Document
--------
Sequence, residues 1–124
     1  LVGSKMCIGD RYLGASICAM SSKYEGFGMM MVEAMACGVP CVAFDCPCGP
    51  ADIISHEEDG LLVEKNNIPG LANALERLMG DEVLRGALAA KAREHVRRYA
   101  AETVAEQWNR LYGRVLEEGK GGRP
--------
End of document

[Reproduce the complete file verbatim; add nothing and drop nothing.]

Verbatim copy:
Sequence, residues 1–124
     1  LVGSKMCIGD RYLGASICAM SSKYEGFGMM MVEAMACGVP CVAFDCPCGP
    51  ADIISHEEDG LLVEKNNIPG LANALERLMG DEVLRGALAA KAREHVRRYA
   101  AETVAEQWNR LYGRVLEEGK GGRP